EDITOR, The Tribune.
Two PLP apologists have come to the rescue of their scandal-ridden party: Rodney Moncur and one Andrew Allen. Moncur is nursing a grudge against the FNM after it decided not to give him a nomination before the election. The former Workers Party leader, DNA candidate and Loretta Butler-Turner Senate appointee appears to be suffering from political schizophrenia. He is a political opportunist and, in my opinion an impostor who will probably be begging the PLP for a nomination in 2022, life last.
As for Allen, his incredible claim that the Christie government of 2012-2017 was the most productive in recent Bahamian history in terms of advancing the long term development of The Bahamas must be taken by rational Bahamians as an hyperbole. The PLP was stellar at advancing the cause of a few mercenaries who raked in untold millions in government contracts to the detriment of the country.
They left the country saddled with a massive debt problem, despite having the advantage of VAT. Allen’s most productive government nearly wrecked the economy after squandering away hundreds of millions of dollars in inflated contracts to PLP hacks. Anyone who agrees with a government rewarding a $33,000 a month contract to one individual to act as a cultural adviser head is screwed on the wrong way.
The Ian Poitier revelation would have never been publicised had the PLP remained in office. The matter was kept under wraps because the PLP was fully aware that it would have angered tens of thousands of struggling Bahamians – many of whom do not even make $33,000 per annum.
As Allen said, Bahamians are not stupid. The $210 minimum wage in the private sector was only implemented by the PLP due to the advent of VAT. Whatever monetary benefits derived from the minimum wage increase was short lived, thanks to VAT.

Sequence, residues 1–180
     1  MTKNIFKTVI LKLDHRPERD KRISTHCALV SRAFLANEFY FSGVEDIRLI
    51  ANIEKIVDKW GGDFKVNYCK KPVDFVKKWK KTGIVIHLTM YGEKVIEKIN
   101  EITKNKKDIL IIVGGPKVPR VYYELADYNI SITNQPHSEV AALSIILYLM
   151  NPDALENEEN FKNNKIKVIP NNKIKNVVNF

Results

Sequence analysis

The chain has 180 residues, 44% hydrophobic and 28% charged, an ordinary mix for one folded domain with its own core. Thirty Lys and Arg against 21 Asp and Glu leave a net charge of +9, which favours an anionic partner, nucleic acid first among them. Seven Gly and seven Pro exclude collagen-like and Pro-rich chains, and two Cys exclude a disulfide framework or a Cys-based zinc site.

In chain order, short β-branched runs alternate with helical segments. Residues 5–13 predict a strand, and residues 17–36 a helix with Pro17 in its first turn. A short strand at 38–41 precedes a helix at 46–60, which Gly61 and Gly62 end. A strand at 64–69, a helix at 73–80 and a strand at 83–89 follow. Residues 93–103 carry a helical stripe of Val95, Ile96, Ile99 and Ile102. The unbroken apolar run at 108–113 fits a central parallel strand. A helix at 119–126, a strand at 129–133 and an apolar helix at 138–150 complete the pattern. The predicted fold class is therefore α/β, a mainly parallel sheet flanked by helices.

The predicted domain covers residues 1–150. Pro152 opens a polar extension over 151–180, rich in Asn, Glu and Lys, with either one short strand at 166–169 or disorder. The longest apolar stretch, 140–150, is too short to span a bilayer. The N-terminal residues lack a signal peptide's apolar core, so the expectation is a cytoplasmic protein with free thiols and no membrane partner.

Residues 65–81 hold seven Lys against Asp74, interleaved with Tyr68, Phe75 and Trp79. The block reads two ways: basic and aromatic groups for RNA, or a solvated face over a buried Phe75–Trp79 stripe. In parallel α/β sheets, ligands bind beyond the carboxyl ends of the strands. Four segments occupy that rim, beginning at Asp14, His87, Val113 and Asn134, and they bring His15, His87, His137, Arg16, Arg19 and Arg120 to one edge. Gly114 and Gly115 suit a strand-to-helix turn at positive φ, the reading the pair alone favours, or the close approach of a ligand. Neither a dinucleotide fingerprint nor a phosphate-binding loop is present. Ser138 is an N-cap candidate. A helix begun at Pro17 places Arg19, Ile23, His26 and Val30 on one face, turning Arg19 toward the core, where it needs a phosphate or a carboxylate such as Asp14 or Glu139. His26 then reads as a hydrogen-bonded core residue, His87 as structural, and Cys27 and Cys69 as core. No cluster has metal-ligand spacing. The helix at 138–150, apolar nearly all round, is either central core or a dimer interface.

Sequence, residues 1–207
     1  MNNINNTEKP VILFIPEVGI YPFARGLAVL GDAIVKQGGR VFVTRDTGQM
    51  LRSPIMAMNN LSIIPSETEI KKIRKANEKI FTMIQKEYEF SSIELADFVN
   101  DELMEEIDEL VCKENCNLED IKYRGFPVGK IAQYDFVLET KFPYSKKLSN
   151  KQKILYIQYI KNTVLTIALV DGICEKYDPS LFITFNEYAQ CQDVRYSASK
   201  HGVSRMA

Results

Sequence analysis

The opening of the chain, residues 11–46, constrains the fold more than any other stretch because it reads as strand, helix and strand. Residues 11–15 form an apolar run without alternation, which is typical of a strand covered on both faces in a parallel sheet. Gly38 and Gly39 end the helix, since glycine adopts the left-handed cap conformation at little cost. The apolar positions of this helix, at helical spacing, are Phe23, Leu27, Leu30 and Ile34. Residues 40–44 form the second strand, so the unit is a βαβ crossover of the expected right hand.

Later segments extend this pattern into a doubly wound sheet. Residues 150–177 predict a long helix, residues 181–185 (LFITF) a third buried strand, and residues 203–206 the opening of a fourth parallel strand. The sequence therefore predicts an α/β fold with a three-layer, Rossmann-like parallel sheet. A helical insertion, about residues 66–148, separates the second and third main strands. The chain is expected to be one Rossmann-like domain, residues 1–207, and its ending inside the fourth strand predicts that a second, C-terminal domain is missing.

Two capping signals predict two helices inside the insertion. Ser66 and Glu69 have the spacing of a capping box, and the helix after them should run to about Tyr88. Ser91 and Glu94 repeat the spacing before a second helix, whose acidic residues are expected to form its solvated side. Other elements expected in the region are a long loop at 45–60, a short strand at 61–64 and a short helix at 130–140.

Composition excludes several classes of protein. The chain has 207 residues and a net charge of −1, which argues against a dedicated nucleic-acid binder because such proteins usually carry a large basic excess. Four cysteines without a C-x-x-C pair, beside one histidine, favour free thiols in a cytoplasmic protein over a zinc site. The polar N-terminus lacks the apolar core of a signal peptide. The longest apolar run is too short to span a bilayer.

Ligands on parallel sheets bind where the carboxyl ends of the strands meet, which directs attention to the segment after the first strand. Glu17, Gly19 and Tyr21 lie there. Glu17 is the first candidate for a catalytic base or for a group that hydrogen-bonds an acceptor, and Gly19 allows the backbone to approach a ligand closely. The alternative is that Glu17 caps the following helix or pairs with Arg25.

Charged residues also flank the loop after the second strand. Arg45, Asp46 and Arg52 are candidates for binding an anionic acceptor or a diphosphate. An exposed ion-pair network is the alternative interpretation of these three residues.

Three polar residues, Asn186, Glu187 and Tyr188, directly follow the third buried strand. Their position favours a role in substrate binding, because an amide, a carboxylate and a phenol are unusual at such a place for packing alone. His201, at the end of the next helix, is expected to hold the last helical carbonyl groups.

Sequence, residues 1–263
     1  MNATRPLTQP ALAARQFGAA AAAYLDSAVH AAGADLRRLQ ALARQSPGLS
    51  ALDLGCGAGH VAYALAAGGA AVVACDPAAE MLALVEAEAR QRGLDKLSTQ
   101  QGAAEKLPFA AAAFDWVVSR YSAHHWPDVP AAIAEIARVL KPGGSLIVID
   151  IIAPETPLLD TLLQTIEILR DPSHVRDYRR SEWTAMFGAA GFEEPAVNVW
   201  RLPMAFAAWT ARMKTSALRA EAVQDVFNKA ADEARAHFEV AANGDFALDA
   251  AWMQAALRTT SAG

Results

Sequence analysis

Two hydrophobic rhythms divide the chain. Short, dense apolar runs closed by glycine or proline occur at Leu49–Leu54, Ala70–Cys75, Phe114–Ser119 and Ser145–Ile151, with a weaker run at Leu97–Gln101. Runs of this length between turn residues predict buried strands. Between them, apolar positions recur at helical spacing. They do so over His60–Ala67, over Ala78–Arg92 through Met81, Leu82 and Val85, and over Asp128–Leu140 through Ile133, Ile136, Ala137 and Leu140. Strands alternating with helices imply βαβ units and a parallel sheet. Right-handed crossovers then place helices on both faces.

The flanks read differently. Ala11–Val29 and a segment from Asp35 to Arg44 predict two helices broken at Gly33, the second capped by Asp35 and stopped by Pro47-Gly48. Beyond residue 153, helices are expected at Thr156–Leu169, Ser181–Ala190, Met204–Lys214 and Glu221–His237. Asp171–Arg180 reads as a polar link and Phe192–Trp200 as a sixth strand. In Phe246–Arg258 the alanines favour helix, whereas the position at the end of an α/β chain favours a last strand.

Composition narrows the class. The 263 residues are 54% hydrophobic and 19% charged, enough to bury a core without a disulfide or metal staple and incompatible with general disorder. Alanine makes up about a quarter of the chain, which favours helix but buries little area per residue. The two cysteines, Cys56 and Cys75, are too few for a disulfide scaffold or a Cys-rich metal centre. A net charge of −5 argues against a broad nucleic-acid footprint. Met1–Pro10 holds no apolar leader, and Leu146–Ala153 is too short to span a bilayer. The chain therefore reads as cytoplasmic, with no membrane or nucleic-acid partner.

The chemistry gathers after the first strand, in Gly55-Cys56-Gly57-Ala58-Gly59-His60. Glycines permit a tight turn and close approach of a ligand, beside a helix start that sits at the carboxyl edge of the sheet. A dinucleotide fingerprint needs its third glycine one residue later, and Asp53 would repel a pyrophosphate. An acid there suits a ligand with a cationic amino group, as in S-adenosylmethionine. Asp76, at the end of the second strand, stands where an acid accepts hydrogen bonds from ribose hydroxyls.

Allen harped on the FNM’s handling of National Health Insurance as if the scheme was fully functional and well funded, when in fact the PLP had nothing in place to fund the scheme. This while NHI foreign consultants were paid a staggering $500,000 and $250,000 a month by Christie and co.
The PLP dumped $80m into BAMSI, much to the benefit of a few PLP hacks. The FNM has substantiated this claim in recent weeks. The evidence is there for all and sundry to see. All Allen has to do is to take off his PLP blinders and look at it objectively. Allen also took exception to a Nassau Guardian editorial about former PLP Cabinet minister Jerome Fitzgerald titled “Hogs at the Trough”.
The write-up pointed out that despite the fact that Fitzgerald’s father already had a lucrative government contract worth nearly $1m per annum, the younger Fitzgerald still begged founder Baha Mar developer Sarkis Izmirlian for brokerage, trucking and limousine contracts as if his family was in dire straits financially.
The gist of the article is that the Fitzgeralds were eyeballing the whole hog, while ignoring the plight of thousands of low income families who depend on the taxi and trucking industries to eke out a living in a country that has become even more expensive to live in thanks to VAT. The Christie government did not give us the University of The Bahamas; the Pindling administration did that during the 1970s.
All Christie those did was changed the name of an already existing institution. The PLP may have doubled conviction rates for serious offences, but still presided over 600 plus murders. The economy never grew under Christie, hence four downgrades to go along with a jobless rate in the double digits. Allen’s flimsy attempt to defend the PLP is like a person attempting to make Mexican Chicken Quinoa salad out of chicken poop. The Christie government was the most corrupt government in the post colonial era.
July 23, 2017.